Wes Anderson has carved his signature into American cinema with a whimsical style all his own. From the Vietnam pyrotechnics of the school play in Rushmore, to the pup-tent puppy love of Moonrise Kingdom, Anderson gift-wraps his stories as worlds within worlds, homemade pageants of kooky artifice. And he seems blissfully immune to trends. While Hollywood doubles down on the manifest destiny of 3D, Anderson perversely flattens cinematic reality into confectionary dioramas, mille feuille layers of faux naïf make-believe.
With every film, the art house becomes his dollhouse. His movies seem to take place in an alternate reality, a world that is as Andersonian as Cronenberg’s is Cronenbergian. It’s an acquired taste, one that I began to un-acquire somewhere between the Gotham bubble of The Royal Tenenbaums (2001) and the Nemo-on-acid odyssey of The Life Aquatic With Steve Zissou (2004). By the time an all-too-prescient Owen Wilson popped up as bandaged suicide survivor in the railway escapade of The Darjeeling Limited (2007), I felt Anderson had lost his way. It’s not just that the pick-up-sticks narrative was so archly contrived; it presented such a maze of tones and tangents that it was hard to get grip on the characters, or believe they were anything more than the constructs of an over-active imagination.
With the exhilarating romp of The Fantastic Mr. Fox (2009), all of a sudden the director found his groove—by making a cartoon weirdly lifelike, rather than making life weirdly cartoon-like. Then, with Moonrise Kingdom (2012), it all came together. He emerged from a career of smoke and mirrors to craft an off-kilter coming-of-age tale that was unusually grounded. Instead of building the story around adults acting like children, for once he gave us children acting like adults, juvenile eccentrics playing house on a wild frontier. And even though their elopement was acted out in a mock Godard fantasy camp, the narrative framed tender moments of precocious romance with compositions that popped like still-life tableaux.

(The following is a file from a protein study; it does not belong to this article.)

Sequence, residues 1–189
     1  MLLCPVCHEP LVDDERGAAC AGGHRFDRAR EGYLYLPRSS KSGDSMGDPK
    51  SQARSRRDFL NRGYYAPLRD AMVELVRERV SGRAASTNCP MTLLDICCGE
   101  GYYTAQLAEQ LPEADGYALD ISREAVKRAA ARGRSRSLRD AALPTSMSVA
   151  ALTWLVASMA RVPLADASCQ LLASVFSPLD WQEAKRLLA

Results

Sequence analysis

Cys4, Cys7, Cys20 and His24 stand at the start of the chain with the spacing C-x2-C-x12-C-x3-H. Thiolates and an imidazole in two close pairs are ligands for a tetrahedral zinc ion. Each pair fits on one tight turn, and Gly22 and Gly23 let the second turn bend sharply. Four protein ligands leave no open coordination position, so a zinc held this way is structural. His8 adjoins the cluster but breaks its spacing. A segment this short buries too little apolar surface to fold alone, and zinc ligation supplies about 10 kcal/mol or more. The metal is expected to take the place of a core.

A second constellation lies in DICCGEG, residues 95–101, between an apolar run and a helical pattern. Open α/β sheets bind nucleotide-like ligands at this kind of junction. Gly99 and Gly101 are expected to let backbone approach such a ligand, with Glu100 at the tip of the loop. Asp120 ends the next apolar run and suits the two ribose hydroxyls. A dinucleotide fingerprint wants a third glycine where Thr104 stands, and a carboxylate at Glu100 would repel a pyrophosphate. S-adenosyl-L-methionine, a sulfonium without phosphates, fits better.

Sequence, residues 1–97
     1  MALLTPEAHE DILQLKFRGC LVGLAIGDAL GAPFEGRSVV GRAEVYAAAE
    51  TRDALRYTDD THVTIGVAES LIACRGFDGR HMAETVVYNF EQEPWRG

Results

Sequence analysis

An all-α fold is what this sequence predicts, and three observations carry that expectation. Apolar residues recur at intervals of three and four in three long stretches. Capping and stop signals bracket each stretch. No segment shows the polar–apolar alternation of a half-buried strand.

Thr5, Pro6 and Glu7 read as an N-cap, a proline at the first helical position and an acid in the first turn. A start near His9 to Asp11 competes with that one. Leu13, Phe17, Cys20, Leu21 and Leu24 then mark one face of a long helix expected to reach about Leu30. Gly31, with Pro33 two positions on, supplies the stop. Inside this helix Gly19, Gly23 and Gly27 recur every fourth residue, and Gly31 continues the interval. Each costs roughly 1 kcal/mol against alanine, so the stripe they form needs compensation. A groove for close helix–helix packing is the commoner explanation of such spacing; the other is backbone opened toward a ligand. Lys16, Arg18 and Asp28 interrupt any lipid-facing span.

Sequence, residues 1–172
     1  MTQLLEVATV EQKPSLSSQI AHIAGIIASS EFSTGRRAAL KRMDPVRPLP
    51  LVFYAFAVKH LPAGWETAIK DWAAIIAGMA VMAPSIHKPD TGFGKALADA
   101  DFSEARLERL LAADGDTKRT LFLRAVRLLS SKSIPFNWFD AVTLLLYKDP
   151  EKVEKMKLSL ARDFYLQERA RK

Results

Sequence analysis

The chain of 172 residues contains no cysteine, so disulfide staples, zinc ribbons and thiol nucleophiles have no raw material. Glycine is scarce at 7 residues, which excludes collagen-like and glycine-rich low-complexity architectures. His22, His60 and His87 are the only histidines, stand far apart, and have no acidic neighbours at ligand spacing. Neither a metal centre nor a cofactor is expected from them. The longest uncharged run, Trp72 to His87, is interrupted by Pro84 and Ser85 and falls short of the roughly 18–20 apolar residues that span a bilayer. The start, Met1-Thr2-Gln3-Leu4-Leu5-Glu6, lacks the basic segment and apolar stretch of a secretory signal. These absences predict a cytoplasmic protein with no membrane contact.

In The Grand Budapest Hotel, Anderson’s eighth feature, the director invests his trademark whimsy with spectacular ambition, and the result is the most richly entertaining film of his career. It’s certainly his most extravagant—in the scale of its cast, its staging and its story. Composed with the cut-gem focus of Moonrise Kingdom and fired with the zany, kinetic spirit of Mr. Fox, The Grand Budapest Hotel can be seen as an organic extension of his previous work. But his universe expands dramatically: the windows of this hotel are thrown wide open onto to a larger world.
This hyper-stylized caper movie could give Baz Luhrmann a run for his money. It was inspired by Vienna’s Stefan Zweig, a famous writer and dandy from the first half of the 20th century, who counted Freud among his friends, and who, according to biographer George Prochnik, wore alligator shoes, wrote with violet ink and wrote an essay about Handel that he had printed entirely on silk.